New London — Preparations are underway to create a new magnet elementary school in New London that combines two well-established themes in the school district.
Harbor Elementary School on Montauk Avenue will open in the fall as a STEAM (science, technology, engineering, arts and mathematics) intradistrict magnet school, a mashup of the popular STEM and arts programs that have lured out-of-district students to the Winthrop STEM Elementary Magnet and Nathan Hale Arts Magnet schools.
The school will enroll New London students only for the foreseeable future, as the school district continues to fine-tune its all-magnet plan and the $150 million secondary school construction project.
Harbor was slated to be a feeder school for a middle school leadership-themed program, one of four magnet pathways planned by the district. State education officials earlier this year directed the district to stick with three themes. The leadership program is being dropped next year in favor of a planned International Baccalaureate program, which will join STEM and arts as the third themed magnet program.
School Superintendent Cynthia Ritchie, at a recent meeting with the editorial board of The Day, said the news of the new program was being shared with parents in advance of the school lottery, where families list their top picks among the four elementary schools.
“That will be a great way to offer kids a thematic experience that will feed into any of the three pathways,” Ritchie said.
Kate H. McCoy, the district’s executive director for strategic planning, government and media relations, said the staff at Harbor is training and preparing for a STEAM program that will cover the entire school, kindergarten through fifth grade. Harbor fifth-graders will be guaranteed seats in the sixth grade International Baccalaureate Middle Years Programme for the 2019-20 school year. The program is for students aged 11-16.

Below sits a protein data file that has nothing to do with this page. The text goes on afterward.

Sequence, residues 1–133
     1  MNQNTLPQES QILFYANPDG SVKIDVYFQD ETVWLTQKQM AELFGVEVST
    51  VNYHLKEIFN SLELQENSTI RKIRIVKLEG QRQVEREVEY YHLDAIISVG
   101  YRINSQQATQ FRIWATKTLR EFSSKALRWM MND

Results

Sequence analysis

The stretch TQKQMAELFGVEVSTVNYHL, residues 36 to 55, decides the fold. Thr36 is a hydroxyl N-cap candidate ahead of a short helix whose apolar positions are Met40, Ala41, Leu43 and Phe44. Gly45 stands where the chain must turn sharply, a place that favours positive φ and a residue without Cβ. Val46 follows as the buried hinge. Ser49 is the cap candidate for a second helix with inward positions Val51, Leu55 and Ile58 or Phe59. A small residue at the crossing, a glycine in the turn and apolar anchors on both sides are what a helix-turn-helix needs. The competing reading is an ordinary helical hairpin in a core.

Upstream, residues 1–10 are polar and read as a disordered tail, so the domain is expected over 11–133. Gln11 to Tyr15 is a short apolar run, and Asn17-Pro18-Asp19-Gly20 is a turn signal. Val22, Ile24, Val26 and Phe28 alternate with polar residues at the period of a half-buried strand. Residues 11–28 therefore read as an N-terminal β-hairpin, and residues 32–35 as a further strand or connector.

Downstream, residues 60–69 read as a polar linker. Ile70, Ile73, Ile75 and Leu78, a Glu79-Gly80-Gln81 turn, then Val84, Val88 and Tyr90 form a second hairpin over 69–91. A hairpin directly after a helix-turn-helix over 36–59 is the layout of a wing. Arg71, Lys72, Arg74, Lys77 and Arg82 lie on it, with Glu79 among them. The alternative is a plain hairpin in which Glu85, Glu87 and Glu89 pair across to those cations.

After a one-year hiatus, plans also are underway to bring back out-of-district students to C.B. Jennings Dual Language and International Elementary Magnet School. Jennings is in the International Baccalaureate candidacy phase and expected to send its students into secondary school programs taking the place of the leadership program. The district will call it an international education program until it is approved as an International Baccalaureate school.
In their high school years, students will be able seek a diploma with an International Baccalaureate seal, internationally recognized for its high educational standards, rigor and assessment process. McCoy said she expects the district to separately offer students the ability to choose majors and minors in STEM and arts.
New London joins districts in Groton and Norwich in offering a STEAM magnet program. Norwich public schools launched a STEAM magnet program at Kelly Middle School in the fall, along with a global studies magnet theme at Teachers Memorial Middle School. Groton launched a STEAM program at the Catherine Kolnaski Elementary School.
While more school districts are now offering magnet themes, McCoy said New London is unique in that it continues to expand its interdistrict magnet programs. The district plans to become the state’s first all-magnet school district, opening all of its schools to students from across the state.